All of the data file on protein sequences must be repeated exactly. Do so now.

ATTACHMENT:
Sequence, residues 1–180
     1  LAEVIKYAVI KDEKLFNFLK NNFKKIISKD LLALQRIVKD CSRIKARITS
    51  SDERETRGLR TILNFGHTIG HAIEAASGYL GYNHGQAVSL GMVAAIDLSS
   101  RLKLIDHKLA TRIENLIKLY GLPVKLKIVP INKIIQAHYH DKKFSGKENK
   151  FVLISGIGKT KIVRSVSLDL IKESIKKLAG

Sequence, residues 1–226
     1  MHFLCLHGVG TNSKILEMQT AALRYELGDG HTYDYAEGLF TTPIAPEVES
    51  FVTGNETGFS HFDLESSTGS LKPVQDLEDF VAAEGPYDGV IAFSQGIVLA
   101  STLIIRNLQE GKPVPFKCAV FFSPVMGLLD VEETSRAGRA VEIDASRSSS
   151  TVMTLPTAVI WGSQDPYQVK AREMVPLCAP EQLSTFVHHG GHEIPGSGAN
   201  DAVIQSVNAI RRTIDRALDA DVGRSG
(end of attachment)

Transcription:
Sequence, residues 1–180
     1  LAEVIKYAVI KDEKLFNFLK NNFKKIISKD LLALQRIVKD CSRIKARITS
    51  SDERETRGLR TILNFGHTIG HAIEAASGYL GYNHGQAVSL GMVAAIDLSS
   101  RLKLIDHKLA TRIENLIKLY GLPVKLKIVP INKIIQAHYH DKKFSGKENK
   151  FVLISGIGKT KIVRSVSLDL IKESIKKLAG

Sequence, residues 1–226
     1  MHFLCLHGVG TNSKILEMQT AALRYELGDG HTYDYAEGLF TTPIAPEVES
    51  FVTGNETGFS HFDLESSTGS LKPVQDLEDF VAAEGPYDGV IAFSQGIVLA
   101  STLIIRNLQE GKPVPFKCAV FFSPVMGLLD VEETSRAGRA VEIDASRSSS
   151  TVMTLPTAVI WGSQDPYQVK AREMVPLCAP EQLSTFVHHG GHEIPGSGAN
   201  DAVIQSVNAI RRTIDRALDA DVGRSG